When Marie Massey’s baby daughter was born at 23 weeks, or just about 5 months into gestation, she weighed only 15 ounces. Typically babies are born between 37 and 41 weeks, and weigh about 7 pounds.
Most babies born so early rarely survive. And when they do, the first few days of their existence are often a struggle to save their lives.
Massey, however, had faith that her baby would make it. “They didn't think she was going to be alive, but I knew she was. Because I just knew it,” she told ABCNews.com.
23 weeks into gestation, Massey began feeling ill on her commute to work in Manhattan. She found it hard to believe, but one of her co-workers mentioned that she looked just like his wife did when she went into labor.
After rushing to NYU Langone Medical Center, baby Faith was delivered. The doctors told Massey that babies born at 23 weeks rarely survived – and even if they did, many developed cerebral palsy or other complications such as immune or respiratory problems due to immature lungs.
According to NYU Langone neonatologist Dr. Michael Espiritu, Massey’s preemie daughter had a 20 percent chance of survival, and only 5 percent had a chance to make it without any brain damage.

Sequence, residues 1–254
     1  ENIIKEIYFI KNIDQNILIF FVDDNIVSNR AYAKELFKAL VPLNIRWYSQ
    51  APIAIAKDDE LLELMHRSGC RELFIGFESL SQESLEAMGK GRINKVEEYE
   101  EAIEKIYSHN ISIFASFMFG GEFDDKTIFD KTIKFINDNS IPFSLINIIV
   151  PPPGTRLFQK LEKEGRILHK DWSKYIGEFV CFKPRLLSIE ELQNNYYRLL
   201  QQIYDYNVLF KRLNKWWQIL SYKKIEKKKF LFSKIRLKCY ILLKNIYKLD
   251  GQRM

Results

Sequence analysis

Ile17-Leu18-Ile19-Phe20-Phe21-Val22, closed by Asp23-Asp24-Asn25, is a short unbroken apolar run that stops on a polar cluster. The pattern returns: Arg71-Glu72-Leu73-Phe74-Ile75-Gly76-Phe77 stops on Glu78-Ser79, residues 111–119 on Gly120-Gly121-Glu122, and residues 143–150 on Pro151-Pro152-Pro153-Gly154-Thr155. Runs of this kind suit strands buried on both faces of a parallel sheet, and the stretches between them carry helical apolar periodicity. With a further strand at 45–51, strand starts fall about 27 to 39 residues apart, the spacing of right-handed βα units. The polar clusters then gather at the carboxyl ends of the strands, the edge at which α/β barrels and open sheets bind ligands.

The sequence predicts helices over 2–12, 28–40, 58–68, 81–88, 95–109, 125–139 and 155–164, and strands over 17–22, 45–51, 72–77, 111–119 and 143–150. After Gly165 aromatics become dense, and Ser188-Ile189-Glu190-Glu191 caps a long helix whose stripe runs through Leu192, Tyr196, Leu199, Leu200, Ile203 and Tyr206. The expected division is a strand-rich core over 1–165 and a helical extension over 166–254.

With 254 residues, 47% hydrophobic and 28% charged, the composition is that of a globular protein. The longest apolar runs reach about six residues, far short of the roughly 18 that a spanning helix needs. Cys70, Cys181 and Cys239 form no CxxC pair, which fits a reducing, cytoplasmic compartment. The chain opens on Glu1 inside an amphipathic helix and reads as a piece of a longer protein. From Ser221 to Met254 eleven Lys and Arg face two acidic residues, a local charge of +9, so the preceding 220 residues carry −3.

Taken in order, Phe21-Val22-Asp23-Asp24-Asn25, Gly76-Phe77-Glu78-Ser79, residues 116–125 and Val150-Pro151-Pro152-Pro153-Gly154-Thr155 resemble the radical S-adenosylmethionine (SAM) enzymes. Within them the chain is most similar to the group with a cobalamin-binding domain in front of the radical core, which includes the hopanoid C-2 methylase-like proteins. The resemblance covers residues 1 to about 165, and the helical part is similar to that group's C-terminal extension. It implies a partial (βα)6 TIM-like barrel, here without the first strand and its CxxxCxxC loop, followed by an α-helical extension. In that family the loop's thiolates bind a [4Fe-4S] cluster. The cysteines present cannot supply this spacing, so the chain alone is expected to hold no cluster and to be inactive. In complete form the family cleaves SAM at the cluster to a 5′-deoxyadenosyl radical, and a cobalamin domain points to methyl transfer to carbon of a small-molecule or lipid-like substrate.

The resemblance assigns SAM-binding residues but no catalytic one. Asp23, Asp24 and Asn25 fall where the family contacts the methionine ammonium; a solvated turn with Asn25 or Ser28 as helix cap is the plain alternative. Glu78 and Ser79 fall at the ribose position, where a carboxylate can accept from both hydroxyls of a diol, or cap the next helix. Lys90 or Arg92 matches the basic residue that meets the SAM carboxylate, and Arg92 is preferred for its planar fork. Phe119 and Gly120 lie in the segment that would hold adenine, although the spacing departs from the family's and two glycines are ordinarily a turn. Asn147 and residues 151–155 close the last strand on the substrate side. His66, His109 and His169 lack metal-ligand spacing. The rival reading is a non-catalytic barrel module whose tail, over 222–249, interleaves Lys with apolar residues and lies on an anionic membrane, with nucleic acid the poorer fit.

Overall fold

Cerebral palsy can refer to a neurological disorder that occurs in infancy and is a permanent condition disabling muscles and movement. Severe cerebral palsy may cause a child to be unable to walk or move and require extensive lifelong care, but mild cerebral palsy may only have a slight effect on a person’s movement abilities.
An earlier study published in the Journal of the American Medical Association found that premature newborns could have a higher risk of developing complications later in life as well. Now that more preemie babies are surviving their birth and early years, studies have been able to track long-term conditions that may develop. “[V]ery preterm babies, born at 22 to 27 weeks, were twice as likely to die between the ages of six and twelve than their full-term counterparts,” TIME reports.
So when doctors told Massey there would be no chance, they had reasons to believe so. But Massey was certain that her daughter would survive. The night before going into labor, she had experienced a dream where God said he would take care of her child as long as she had “faith.”
Remarkably, after four months in the neonatal intensive care unit (NICU), Faith was able to leave the hospital weighing 10 pounds and without any structural brain damage.
"It surprised everyone that took care of her how strong she was,” Dr. Espiritu said of Faith.